The foams were prepared with various blowing agents and mixtures thereof as specified in Table 2. The blowing agent loadings were pph based upon polymer weight. The foams were made with various carbon black loadings and at various foaming temperatures.
The R value for foams was measured at various pressures by the method set forth in Example 1.
Microcellular foams of small average cell size, high open cell content, and high R value were produced.
Foams of the present invention were prepared with the second extrusion system except as indicated below and in Table 3.
The foams were prepared with various blowing agents and mixtures thereof as specified in Table 3. The blowing agent loadings were pph based upon polymer weight. The foams were made with various carbon black loadings and at various foaming temperatures.
The R value for foams was measured at various pressures by the method set forth in Example 1.
Microcellular foams of small average cell size, high open cell content, and high R value were produced.
Foams of the present invention were prepared with the second extrusion system except as indicated below and in Table 4.
Microcellular foams of small average cell size and high open cell content were produced.
Due to the addition of carbon black, the cross-section of Run 42 could be made larger than that of Run 41. The carbon black increased gel viscosity, and allowed the die opening to be enlarged without losing die pressure and causing pre-foaming. The increase in die opening resulted in a foam of larger cross-section being produced. The larger cross-section affords improved skin quality and greater process versatility.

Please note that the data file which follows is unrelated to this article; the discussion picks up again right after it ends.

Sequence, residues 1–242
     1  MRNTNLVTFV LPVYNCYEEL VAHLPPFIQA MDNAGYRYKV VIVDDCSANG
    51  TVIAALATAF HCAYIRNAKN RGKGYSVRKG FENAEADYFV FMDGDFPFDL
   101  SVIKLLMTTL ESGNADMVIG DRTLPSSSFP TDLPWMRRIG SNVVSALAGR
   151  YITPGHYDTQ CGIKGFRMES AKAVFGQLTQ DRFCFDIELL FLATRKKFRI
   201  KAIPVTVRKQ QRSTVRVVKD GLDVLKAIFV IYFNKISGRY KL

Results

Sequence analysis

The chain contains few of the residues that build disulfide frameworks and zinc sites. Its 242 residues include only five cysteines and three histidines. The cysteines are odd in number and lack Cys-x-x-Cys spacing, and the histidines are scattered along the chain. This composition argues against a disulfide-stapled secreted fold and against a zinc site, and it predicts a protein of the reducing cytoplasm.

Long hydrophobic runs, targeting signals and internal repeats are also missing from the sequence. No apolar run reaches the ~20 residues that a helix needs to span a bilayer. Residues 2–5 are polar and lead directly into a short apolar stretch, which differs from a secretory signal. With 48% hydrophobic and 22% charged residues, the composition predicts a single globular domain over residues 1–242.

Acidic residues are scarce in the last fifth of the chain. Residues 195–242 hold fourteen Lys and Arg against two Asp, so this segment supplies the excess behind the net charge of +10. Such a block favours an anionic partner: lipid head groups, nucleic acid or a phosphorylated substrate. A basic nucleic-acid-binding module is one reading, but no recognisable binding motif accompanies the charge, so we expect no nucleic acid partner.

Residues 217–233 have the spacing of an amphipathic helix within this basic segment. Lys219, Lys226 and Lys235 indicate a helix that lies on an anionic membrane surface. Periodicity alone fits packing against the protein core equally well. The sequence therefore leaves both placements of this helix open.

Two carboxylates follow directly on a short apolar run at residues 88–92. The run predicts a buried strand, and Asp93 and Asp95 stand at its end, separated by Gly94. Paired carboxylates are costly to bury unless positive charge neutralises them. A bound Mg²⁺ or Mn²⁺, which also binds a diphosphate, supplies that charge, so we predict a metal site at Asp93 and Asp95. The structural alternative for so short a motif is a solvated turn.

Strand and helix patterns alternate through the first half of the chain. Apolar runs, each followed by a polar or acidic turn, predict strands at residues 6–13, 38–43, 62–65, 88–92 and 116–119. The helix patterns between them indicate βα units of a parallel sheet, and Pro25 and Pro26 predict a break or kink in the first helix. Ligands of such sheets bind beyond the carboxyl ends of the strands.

Foams of the present invention were prepared with the second extrusion system except as indicated below and in Table 5.
The foams were prepared with various blowing agents and mixtures thereof as specified in Table 5. The blowing agent loadings were pph based upon polymer weight. The foams were made with various carbon black loadings and at various foaming temperatures.
The R value for foams was measured at various pressures by the method set forth in Example 1.
Microcellular foams of small average cell size, high open cell content, and high R value were produced.
A fabricable foam of the present invention was impressed with the surfaces of several door keys and coins. The foam was examined for the quality of impressions therein.
The foam was made with the second extrusion system of Example 1 with 7.1 pph HFC-134a, 1.0 pph carbon dioxide, 7 pph natural graphite No. FP248 (Graphite Sales, Inc.). The polymer was a polystyrene of 135,000 weight average molecular weight according to SEC. The cell size was 3.0 micron, the density was 2.7 pounds per cubic foot (pcf), and the open cell content was 100 percent.
The surface features of the keys and the coins, including letters and numerals, were readily discernible in the surface of the foam upon the removal of same. The impressions were permanently set in the foam.
A fabricable foam of the present invention was fabricated by simple compression against an existing molding trim. The compressed foam resembled baseboard trim useful for molding around doors, floors, or ceilings. The foam retained substantial deformation without substantial collapse or recovery. Prior to compression, the foam had a density of 2.7 pcf (43 kg/m3), a cell size of 30 micrometers, and an open cell content of greater than 99 percent.